Testifying in a Final Restraining Order (FRO) hearing about past incidents of domestic violence without those incidents being written into the body of the Temporary Restraining Order (TRO) is a violation of the defendant’s due process rights, according to a recent New Jersey court case. In M.K. v. A.K, the Appellate Court in an unpublished decision, reversed the issuance of a Final Restraining Order against a woman, because the alleged victim testified during the FRO hearing extensively regarding past incidents of domestic violence. These incidents were not recorded in the TRO, thereby not giving the defendant sufficient notice that she would need to prepare her defense with regard to these allegations. This violated her constitutional right to due process of law.
As the court found, “…in the guise of providing ‘a little background information,’ plaintiff was allowed to testify at length to an escalating course of conduct, which the court found included threats and harassment constituting domestic violence, not included in the complaint. That was not fair to defendant and deprived her of her right to notice and to a fair opportunity to defend herself against plaintiff’s claims.”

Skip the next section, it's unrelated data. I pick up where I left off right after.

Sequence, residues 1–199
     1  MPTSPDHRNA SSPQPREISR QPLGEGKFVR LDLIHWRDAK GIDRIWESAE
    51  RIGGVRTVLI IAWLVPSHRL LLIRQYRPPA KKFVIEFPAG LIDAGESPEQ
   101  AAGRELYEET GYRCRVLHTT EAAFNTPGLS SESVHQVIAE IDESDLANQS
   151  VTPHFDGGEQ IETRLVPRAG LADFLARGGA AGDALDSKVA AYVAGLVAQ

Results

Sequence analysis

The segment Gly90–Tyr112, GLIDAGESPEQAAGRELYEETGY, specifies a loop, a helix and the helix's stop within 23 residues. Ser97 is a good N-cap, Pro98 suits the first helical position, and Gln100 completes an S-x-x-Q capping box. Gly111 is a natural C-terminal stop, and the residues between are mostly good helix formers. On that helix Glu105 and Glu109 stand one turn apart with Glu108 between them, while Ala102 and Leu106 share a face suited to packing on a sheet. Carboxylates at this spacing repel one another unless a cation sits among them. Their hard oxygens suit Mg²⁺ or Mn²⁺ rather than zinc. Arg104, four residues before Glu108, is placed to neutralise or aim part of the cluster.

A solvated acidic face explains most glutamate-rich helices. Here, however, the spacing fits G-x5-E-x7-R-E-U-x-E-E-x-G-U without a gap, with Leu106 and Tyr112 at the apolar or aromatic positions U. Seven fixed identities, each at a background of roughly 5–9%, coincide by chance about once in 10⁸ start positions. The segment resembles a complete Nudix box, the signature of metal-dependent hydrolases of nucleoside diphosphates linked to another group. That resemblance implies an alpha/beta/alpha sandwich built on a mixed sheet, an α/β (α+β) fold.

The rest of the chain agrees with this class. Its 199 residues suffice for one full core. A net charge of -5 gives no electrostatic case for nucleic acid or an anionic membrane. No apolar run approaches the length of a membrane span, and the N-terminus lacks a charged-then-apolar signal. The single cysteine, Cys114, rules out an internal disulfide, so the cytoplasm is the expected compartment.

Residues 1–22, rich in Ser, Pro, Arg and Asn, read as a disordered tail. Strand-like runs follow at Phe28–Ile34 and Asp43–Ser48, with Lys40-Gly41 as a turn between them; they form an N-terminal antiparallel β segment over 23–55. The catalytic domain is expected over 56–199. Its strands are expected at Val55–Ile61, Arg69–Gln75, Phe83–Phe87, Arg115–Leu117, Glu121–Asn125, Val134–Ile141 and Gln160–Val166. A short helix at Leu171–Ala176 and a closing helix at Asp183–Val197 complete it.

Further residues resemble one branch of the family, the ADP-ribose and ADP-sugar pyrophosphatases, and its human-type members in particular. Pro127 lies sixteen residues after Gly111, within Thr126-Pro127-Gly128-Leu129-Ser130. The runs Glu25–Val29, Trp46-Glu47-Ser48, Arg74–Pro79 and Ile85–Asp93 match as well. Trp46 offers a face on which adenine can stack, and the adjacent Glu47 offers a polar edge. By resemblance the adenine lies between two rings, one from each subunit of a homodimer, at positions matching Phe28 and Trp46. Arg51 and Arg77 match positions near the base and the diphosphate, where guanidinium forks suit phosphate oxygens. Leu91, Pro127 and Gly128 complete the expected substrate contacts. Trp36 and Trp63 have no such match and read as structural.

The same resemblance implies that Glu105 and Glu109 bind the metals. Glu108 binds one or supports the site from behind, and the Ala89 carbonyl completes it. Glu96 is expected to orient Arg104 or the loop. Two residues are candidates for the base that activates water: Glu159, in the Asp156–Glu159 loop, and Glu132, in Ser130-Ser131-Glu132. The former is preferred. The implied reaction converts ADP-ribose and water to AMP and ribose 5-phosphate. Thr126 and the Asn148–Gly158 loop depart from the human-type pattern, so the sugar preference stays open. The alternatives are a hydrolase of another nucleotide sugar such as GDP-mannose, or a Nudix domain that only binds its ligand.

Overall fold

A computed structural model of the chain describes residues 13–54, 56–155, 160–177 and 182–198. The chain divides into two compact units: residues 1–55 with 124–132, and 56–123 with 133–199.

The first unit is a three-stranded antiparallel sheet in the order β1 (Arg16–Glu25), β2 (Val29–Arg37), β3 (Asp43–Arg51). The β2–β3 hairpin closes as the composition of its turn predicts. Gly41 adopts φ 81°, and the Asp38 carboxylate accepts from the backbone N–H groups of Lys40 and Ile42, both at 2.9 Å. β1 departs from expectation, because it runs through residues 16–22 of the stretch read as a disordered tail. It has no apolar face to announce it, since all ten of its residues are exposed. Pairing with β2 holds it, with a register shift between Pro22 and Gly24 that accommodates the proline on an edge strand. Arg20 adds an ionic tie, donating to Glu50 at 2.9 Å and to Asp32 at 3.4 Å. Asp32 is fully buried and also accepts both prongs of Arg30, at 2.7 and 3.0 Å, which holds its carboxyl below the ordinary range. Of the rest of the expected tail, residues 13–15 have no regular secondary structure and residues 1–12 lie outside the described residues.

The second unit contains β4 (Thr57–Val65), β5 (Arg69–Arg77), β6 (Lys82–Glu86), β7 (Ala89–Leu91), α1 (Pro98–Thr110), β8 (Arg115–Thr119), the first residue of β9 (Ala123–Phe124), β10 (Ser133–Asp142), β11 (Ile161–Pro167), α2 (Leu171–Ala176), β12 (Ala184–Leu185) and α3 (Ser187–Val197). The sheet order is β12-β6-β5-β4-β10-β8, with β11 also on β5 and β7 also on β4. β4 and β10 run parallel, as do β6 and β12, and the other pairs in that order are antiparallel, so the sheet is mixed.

Clearly, it is essential to amend the TRO to include alleged prior incidents of domestic violence if the original TRO did not include these incidents, in order for the courts to view the defendant’s constitutional rights as protected.
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